Thursday, October 15, 2009
Lab # 12
Social networking has created a very complex dimension in which we interact with other people. Indeed, it is a very good way to connect with friends you have made and to initiate new friendships. Social networking can have a very positive effect of building social capital.
It comes with a very strong caveat, however. Although virtual friendships and societies are fantastic supplements for real ones, that is just what they are: supplements. No matter how much you chat with friends on Facebook, when you hear the voice behind the words is when you truly know the person. One cannot hope to achieve a genuine relationship solely through virtual means.
Building social capital depends greatly on knowing and understanding the person(s) involved, and physical interaction is the best way to fully achieve this. The human connection is lost somewhat across the digital text.
This is not to say that social networking is all bad. The thing is that virtual friendships are a very positive, but not sufficient condition for building social capital, while physical interaction is both a necessary and sufficient condition for doing so.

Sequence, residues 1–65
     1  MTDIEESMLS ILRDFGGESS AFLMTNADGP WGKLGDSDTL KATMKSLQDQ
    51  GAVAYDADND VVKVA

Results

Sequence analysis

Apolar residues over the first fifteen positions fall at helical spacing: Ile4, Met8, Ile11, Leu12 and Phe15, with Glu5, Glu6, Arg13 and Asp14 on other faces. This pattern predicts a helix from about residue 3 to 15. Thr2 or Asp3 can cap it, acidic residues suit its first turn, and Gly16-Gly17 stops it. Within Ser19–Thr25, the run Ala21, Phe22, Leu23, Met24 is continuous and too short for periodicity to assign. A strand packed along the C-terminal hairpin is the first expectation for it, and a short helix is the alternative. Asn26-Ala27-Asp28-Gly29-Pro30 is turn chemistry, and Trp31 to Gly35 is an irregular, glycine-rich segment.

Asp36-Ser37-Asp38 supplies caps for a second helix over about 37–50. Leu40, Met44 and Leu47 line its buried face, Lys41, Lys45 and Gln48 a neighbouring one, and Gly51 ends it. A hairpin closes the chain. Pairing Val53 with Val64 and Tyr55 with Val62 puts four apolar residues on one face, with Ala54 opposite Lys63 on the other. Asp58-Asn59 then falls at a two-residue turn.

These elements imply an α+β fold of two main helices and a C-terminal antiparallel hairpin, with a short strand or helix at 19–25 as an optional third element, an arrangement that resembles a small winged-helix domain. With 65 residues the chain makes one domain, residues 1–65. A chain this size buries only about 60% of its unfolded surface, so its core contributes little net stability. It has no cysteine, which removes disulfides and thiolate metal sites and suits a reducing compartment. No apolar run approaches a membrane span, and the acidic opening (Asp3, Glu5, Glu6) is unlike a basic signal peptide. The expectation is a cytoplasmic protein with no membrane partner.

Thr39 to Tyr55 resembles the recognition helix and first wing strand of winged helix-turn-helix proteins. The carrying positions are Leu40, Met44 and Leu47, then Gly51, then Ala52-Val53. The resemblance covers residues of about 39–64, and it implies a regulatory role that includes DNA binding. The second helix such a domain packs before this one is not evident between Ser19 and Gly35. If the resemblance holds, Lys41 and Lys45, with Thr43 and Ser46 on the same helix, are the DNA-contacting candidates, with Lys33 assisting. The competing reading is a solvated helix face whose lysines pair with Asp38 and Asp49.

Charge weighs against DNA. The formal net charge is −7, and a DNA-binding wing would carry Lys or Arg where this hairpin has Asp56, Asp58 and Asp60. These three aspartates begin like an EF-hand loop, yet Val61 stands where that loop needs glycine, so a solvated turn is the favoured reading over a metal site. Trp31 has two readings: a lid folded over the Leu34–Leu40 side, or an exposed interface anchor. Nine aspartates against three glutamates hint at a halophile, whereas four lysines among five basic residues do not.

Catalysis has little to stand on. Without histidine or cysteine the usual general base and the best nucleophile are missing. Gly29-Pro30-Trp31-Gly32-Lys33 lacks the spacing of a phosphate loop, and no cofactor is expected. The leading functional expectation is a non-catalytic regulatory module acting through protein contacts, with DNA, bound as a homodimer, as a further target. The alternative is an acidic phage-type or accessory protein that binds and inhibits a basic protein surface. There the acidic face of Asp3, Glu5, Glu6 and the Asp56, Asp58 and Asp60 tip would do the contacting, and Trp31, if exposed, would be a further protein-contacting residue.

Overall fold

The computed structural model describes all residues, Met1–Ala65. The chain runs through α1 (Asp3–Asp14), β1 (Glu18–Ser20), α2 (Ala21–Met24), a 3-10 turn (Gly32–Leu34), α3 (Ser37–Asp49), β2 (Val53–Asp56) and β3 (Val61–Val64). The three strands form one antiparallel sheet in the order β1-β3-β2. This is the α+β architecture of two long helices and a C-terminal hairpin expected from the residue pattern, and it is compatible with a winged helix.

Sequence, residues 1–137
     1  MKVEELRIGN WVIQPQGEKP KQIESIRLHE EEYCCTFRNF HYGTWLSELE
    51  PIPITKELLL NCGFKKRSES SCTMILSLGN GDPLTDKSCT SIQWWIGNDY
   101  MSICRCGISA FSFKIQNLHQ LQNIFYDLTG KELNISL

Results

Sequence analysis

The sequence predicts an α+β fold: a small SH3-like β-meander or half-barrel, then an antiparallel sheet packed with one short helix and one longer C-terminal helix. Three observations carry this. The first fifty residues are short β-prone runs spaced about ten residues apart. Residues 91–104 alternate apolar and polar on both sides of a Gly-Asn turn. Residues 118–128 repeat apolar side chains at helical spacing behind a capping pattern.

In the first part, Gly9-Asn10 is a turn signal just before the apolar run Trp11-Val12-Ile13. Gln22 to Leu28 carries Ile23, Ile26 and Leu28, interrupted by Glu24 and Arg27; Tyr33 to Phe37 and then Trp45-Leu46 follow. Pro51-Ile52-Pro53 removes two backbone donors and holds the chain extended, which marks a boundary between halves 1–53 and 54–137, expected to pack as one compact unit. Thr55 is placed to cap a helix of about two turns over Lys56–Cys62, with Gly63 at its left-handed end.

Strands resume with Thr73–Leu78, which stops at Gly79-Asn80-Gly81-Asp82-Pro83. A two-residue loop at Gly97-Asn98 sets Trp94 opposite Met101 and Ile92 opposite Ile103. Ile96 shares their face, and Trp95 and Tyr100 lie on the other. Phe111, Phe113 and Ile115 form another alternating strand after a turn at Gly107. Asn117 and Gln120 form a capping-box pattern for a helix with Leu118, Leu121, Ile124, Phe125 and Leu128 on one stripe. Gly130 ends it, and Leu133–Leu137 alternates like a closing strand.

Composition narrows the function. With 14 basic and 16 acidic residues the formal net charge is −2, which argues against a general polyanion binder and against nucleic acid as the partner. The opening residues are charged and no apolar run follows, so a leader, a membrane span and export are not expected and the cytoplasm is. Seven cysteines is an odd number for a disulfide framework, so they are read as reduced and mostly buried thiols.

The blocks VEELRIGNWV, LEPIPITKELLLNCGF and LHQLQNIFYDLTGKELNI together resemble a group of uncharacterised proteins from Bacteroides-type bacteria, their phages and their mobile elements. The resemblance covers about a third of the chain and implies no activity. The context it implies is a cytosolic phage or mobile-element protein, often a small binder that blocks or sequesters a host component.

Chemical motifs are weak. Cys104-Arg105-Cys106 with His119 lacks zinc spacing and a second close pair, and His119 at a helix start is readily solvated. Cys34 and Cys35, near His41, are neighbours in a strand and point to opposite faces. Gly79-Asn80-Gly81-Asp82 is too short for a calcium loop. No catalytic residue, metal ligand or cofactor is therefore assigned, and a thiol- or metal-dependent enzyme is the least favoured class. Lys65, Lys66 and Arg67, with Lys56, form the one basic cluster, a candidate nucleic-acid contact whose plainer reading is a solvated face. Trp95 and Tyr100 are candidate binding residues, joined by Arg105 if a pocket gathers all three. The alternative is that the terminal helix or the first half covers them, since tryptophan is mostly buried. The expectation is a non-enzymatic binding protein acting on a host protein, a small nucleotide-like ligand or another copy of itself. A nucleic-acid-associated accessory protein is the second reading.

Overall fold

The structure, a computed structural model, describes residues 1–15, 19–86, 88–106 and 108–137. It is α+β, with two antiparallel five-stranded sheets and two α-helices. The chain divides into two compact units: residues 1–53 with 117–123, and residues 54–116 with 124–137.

My point is that social networking is good when used responsibly. To those who use it well, bravo. To those who use it obsessively, have 1,000 friends to whom you hardly ever speak, and live in the network, you must reevaluate your position. Virtual relationships cannot replace real ones, but they can smother what is real and dilute its value. As always, responsible use is superior to abuse. Just a little social networking can go a long way in building a lot of social capital.